Zeiger: Your book seems to be an attempt to bring our culture, which is so afraid of aging, into better balance.

Hillman: Yes, we’re supposedly a young nation; we’ve always worshiped get-up-and-go, doing things on your own, winner take all. But we’re also a practical nation, and we don’t realize the practical value of older people. We attribute to old age wisdom and sagacity and all these good things, but we don’t have much use for that in our get-up-and-go culture. We have to realize that old people are very practical for society: they know a lot; they’ve acquired many skills; they have a knowledge of tools. Think of old carpenters, old gardeners. An old cloth merchant in New York City can touch a material and know what it’s all about, and that’s practical. We need to look at old people more practically in order to restore their value. Maybe they don’t know computers, but there is more to life than computers. What about eating and cooking? What about having an eye for people, knowing how to handle feelings?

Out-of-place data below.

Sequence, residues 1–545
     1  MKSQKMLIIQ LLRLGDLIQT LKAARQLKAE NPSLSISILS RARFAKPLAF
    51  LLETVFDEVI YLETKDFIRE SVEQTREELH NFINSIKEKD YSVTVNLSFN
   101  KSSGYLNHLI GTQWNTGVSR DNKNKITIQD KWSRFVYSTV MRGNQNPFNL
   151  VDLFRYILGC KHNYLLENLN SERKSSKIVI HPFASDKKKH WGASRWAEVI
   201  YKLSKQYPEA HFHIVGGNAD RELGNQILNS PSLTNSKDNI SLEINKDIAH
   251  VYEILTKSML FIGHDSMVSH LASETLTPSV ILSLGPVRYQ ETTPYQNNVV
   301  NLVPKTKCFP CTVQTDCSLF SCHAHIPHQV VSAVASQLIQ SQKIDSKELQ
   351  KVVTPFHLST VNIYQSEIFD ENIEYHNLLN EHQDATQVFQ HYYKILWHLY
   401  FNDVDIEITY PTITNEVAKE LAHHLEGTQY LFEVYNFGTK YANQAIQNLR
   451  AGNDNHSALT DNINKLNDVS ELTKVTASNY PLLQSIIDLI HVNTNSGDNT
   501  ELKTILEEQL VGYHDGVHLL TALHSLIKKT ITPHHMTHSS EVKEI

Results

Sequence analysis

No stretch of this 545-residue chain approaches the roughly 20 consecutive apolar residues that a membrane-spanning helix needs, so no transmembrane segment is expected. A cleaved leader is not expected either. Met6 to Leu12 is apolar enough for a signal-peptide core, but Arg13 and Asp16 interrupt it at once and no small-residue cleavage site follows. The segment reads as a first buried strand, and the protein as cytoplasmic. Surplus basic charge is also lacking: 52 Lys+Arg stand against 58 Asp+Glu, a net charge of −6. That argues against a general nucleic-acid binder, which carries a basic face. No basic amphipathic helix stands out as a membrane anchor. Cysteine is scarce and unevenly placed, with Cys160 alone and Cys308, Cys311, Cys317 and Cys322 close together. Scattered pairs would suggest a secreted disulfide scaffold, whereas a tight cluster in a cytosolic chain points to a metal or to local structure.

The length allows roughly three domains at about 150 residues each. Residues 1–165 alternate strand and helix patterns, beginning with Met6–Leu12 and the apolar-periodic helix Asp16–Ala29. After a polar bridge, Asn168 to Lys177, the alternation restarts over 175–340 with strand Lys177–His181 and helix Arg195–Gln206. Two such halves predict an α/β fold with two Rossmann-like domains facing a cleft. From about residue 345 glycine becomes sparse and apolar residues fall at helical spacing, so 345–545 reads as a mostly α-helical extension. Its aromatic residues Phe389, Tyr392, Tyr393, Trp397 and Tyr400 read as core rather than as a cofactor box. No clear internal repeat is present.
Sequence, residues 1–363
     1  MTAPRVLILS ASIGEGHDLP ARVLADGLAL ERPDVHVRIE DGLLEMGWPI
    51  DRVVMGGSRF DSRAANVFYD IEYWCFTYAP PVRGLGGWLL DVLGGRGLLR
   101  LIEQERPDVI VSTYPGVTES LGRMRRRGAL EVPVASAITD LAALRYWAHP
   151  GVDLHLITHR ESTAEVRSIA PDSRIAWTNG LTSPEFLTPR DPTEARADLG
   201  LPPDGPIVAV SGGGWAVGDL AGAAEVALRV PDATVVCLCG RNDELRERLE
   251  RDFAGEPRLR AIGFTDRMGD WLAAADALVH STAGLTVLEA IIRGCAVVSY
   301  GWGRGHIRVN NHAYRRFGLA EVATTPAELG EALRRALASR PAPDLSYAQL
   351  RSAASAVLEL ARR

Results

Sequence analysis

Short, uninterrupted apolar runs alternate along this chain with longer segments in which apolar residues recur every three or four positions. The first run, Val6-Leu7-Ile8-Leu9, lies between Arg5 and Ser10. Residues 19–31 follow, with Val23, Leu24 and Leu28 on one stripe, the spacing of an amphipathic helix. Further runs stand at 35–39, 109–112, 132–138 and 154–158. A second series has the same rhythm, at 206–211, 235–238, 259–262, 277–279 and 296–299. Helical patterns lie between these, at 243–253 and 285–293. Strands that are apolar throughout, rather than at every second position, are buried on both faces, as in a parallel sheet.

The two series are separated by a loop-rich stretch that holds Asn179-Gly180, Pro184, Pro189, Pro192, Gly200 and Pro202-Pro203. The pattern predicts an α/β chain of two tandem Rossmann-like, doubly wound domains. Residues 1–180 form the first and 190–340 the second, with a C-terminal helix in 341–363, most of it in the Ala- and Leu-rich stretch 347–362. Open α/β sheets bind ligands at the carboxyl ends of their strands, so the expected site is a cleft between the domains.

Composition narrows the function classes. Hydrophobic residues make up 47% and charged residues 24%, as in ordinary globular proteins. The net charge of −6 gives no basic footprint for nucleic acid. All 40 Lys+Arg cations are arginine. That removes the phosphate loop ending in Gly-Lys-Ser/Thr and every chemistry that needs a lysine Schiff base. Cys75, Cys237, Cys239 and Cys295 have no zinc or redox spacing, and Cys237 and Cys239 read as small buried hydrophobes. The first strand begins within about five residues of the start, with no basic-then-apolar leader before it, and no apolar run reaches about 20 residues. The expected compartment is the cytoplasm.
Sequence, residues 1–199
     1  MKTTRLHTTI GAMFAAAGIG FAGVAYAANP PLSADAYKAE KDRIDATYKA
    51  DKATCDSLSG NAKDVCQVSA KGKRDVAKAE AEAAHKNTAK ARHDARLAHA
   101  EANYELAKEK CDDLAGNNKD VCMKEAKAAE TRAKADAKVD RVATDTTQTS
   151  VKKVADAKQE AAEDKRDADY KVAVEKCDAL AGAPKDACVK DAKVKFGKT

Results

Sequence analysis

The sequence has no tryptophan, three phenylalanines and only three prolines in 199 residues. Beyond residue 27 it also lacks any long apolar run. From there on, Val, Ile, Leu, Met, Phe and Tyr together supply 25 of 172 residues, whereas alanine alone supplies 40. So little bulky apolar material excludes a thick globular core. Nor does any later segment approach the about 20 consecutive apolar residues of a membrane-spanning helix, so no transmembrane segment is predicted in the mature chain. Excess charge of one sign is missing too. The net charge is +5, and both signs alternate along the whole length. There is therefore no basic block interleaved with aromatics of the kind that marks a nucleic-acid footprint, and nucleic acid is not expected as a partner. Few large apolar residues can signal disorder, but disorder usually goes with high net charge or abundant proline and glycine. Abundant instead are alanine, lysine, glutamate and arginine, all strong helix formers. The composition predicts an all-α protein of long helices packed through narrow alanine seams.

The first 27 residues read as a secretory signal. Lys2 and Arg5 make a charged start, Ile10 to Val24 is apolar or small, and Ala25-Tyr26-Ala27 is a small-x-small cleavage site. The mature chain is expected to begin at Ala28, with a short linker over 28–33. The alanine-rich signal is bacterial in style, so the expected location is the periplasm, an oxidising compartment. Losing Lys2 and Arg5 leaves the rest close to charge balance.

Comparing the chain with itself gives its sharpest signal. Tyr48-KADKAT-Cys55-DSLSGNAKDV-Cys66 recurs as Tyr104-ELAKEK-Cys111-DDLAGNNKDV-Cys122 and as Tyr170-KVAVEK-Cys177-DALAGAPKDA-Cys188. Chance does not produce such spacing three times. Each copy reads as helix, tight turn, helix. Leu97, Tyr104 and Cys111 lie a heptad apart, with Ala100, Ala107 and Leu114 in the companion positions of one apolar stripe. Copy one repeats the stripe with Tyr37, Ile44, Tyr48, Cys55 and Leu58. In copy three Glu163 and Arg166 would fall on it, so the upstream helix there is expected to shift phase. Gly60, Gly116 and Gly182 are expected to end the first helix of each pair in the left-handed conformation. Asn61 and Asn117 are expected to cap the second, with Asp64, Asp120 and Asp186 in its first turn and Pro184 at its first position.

Zeiger: I think fear of aging is related to a fear of dying, and also to a fear of being really alive.

Hillman: We’ve become a security-obsessed culture. We’re an air-bag culture. We buy cars because of their safety features. Everything has to be safety-proofed so that there can be no accident. Now they’re going to make a car in which the trunk can be opened from within because last year nine children died in trunks. To avoid death, or accident, or wounding of any kind has become our prime objective. It’s as if, psychically, we live in gated communities in order to keep out the unforeseen.

Zeiger: That fear of the unforeseen seems related to our Puritan beginnings: fear of vitality, sexuality.

Hillman: Yes, keeping things under control. And we’ve been very successful, if you measure success in terms of material things.